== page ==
It’s silly to imagine that there will be exact parity between women and men in eternity (at least among those one might imagine would be able to be married). One can engage in all kinds of arguments, but we don’t live in eternity yet.
As for this life, the only plural in this life required to permit all children to be sealed into the family of man is polygyny plural. That happens to be the biblical law. As to anything in eternity (plural, much less which type of plural), I’m happy to allow God’s plan to be what it will be.
Meg, This was a delight to read. Thank you for taking the time to write it.
Meg. Some great thoughts and insights. I do not know why so many people insist on trying to force their interpretation of how things should be on everyone else. When it comes down to it, we all must eventually submit to the way God sees things because that is how things will be.
I also do not understand all of the hand and heart wringing over the practice of polygyny either here on this earth as no one is currently commanded (or allowed) to practice it or in the hereafter because God will not force anyone to do something he or she does not wish, if the words to one of our hymns are correct.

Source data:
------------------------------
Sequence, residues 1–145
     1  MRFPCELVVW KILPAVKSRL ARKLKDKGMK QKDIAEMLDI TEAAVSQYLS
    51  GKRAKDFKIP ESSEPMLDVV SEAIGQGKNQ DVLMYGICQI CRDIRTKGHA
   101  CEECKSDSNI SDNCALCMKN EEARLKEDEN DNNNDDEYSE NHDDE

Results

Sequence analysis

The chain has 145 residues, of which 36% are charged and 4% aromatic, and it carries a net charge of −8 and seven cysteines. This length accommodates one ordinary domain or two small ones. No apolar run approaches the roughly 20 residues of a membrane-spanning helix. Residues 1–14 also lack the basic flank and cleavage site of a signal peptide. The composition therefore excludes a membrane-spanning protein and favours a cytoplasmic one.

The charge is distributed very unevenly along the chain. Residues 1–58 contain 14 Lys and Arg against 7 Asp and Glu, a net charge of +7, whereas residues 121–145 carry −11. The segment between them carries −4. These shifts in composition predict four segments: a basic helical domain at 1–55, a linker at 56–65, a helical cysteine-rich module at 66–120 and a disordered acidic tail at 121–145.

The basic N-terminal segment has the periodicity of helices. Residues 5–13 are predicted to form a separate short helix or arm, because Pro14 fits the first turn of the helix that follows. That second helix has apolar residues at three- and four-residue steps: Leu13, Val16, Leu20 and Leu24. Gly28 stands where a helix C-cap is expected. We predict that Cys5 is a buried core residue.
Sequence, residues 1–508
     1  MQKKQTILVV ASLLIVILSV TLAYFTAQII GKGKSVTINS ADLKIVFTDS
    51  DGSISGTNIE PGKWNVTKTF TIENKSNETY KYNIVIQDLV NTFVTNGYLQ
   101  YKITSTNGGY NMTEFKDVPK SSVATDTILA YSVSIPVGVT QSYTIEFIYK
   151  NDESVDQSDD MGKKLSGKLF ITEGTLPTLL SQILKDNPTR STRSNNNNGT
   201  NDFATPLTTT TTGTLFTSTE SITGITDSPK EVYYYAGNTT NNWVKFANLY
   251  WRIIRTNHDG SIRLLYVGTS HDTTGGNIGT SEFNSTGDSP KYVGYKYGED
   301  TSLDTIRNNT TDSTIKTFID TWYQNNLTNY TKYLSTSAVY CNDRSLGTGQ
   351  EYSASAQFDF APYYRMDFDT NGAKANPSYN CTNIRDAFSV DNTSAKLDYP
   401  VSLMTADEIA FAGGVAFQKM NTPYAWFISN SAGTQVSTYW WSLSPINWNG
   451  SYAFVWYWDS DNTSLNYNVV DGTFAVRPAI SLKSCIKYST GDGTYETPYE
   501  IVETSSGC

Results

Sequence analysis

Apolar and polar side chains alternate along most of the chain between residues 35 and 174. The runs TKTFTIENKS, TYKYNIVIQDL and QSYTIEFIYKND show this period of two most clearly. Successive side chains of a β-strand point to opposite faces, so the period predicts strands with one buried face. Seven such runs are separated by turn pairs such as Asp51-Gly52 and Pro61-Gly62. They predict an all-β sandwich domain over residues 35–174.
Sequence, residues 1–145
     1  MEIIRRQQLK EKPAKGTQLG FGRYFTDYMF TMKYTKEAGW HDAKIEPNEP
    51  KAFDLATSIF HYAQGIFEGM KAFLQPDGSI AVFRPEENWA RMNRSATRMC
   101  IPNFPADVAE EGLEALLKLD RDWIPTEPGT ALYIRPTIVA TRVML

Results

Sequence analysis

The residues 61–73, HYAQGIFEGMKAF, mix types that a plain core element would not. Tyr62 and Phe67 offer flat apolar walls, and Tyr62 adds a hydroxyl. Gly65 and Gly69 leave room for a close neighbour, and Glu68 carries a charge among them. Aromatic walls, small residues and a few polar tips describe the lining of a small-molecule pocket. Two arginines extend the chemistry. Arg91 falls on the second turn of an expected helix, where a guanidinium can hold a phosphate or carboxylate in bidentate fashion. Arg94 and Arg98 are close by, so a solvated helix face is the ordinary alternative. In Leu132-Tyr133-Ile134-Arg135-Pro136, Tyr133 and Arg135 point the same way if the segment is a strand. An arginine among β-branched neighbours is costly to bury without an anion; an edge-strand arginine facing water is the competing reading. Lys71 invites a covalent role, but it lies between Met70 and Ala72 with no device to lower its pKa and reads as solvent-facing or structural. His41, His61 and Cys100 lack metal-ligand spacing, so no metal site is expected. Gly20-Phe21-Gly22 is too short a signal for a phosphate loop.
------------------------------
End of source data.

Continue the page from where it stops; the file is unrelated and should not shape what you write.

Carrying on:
“Know this, that ev’ry soul is free
To choose his life and what he’ll be;
For this eternal truth is giv’n:
That God will force no man to heav’n.”
I am in the position of one that has a deceased wife to whom I am sealed and a currently living wife to whom I am sealed. I have no idea how that is going to work out in heaven (provided that I make the grade). But I have faith in God that however He works it out, I will be more than happy because I believe that what God has in store for us is better than anything we can imagine and we will find that all of our fears were because we did not trust God enough.
Thanks Meg. I am glad it is a woman who writes this, lest in the writing of it myself I be accused of just being a sex fiend! Not that I could write it with your aplomb. I believe for most it does come down mostly to “icky” and “yucky”, which is totally cultural. Of course some see male domination and and their definition of patriarchy. And many of the harshest critics of polygyny in church circles are completely happy supporting gay and transgender lifestyles. So, with sufficient cultural indoctrination, most people can get over their icky feelings and accept just about anything.